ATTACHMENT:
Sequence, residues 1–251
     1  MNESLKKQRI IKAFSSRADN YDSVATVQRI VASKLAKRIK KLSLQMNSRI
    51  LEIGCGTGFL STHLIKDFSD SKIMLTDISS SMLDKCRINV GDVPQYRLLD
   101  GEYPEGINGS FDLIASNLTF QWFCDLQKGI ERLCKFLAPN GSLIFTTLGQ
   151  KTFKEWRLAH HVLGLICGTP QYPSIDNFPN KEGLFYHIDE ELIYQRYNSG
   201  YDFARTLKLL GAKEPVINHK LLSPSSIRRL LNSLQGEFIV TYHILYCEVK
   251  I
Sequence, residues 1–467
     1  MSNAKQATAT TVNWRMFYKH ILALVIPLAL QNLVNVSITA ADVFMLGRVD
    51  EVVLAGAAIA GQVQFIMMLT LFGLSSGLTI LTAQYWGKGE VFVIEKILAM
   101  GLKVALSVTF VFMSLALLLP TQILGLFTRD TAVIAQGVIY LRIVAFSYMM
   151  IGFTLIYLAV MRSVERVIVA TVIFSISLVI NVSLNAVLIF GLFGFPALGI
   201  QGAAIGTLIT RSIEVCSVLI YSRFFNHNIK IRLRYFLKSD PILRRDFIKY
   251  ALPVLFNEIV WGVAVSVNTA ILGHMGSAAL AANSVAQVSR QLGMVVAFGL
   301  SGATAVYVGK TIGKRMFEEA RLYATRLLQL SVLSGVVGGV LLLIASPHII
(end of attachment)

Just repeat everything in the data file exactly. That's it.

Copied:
Sequence, residues 1–251
     1  MNESLKKQRI IKAFSSRADN YDSVATVQRI VASKLAKRIK KLSLQMNSRI
    51  LEIGCGTGFL STHLIKDFSD SKIMLTDISS SMLDKCRINV GDVPQYRLLD
   101  GEYPEGINGS FDLIASNLTF QWFCDLQKGI ERLCKFLAPN GSLIFTTLGQ
   151  KTFKEWRLAH HVLGLICGTP QYPSIDNFPN KEGLFYHIDE ELIYQRYNSG
   201  YDFARTLKLL GAKEPVINHK LLSPSSIRRL LNSLQGEFIV TYHILYCEVK
   251  I
Sequence, residues 1–467
     1  MSNAKQATAT TVNWRMFYKH ILALVIPLAL QNLVNVSITA ADVFMLGRVD
    51  EVVLAGAAIA GQVQFIMMLT LFGLSSGLTI LTAQYWGKGE VFVIEKILAM
   101  GLKVALSVTF VFMSLALLLP TQILGLFTRD TAVIAQGVIY LRIVAFSYMM
   151  IGFTLIYLAV MRSVERVIVA TVIFSISLVI NVSLNAVLIF GLFGFPALGI
   201  QGAAIGTLIT RSIEVCSVLI YSRFFNHNIK IRLRYFLKSD PILRRDFIKY
   251  ALPVLFNEIV WGVAVSVNTA ILGHMGSAAL AANSVAQVSR QLGMVVAFGL
   301  SGATAVYVGK TIGKRMFEEA RLYATRLLQL SVLSGVVGGV LLLIASPHII